• Plutonium stockpiles ignored. The declaration recognizes the need to secure both highly enriched uranium (HEU) and plutonium, but only encourages the minimization of HEU, “where technically and economically feasible” (para. 12). The 2014 NSS communiqué, in contrast encourages states to both minimize HEU and “keep their stockpile of separated plutonium to the minimum level, both as consistent with national requirements” (para. 21)
  • What confidence building? Unlike the 2014 NSS communiqué (para. 20), there is no reference in the declaration to confidence building, international assurances, transparency, or information sharing and reporting.
  • Military materials frozen out. Walking back from even the 2013 ICNS declaration, which mentions the need to secure all nuclear material, including “military used for military purposes” (para. 4), this year’s declaration reverted back to the more benign formulation of HEU and separated plutonium “in all their applications” (para. 12), which has been used in GC nuclear security resolutions.

NTI senior consultant Ioanna M. Iliopulos (third from right) presenting at the IAEA #ICNS16

That’s not to say the declaration didn’t contain anything useful.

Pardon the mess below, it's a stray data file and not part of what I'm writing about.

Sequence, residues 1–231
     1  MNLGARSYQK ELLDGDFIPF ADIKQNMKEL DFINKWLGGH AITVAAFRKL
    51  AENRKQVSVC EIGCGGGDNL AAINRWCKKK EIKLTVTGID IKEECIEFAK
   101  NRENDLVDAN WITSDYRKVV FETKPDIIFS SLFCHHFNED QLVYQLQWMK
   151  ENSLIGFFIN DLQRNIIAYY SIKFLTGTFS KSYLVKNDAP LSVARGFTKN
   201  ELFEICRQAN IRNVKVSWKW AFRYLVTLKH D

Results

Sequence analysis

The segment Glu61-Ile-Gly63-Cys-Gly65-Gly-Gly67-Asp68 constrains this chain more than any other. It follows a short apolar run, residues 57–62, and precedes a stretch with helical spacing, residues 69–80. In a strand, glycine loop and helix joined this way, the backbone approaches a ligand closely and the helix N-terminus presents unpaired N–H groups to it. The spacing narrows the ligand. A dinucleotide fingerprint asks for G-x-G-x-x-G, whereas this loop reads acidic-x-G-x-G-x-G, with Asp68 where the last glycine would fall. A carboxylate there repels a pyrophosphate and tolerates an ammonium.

• “We commit”! For the first time within the IAEA context, ministers used the word “commit”—committing to secure radioactive sources and to combat illicit trafficking of nuclear and other radioactive materials (paras. 13 and 14). Moreover, the commitment with regard to radiological security was to “maintain effective security . . . consistent with the Code of Conduct on the Safety and Security of Radioactive Sources.” 
  • IAEA’s core activities get a boost. The declaration also showed clear support for the IAEA’s assistance services. Past statements have encouraged the use of these services, but this year’s declaration described guidance development, advisory services, and capacity building as “core activities.” The person who pushed for this language (and who pointed it out to me) was celebrating this as a win.
  • States worry about cyber. Compared to 2013, this year’s declaration shows much stronger support for the IAEA’s efforts to strengthen computer security and recognizes the possibility of cyber threats to nuclear facilities (para. 9), although the 2016 GC resolution had a slightly stronger statement on this.
  • "Let’s do this again!” Calling for IAEA nuclear security conferences every three years, and encouraging states to participate at the ministerial level (para. 16), is important for sustainability, but future conferences will need to strive for a much higher level of ambition if they are going to lead to real progress in sustaining attention and progress on nuclear security. 

December 9, 2016
Samantha Pitts-Kiefer
Samantha Pitts-Kiefer

Senior Director, Materials Risk Management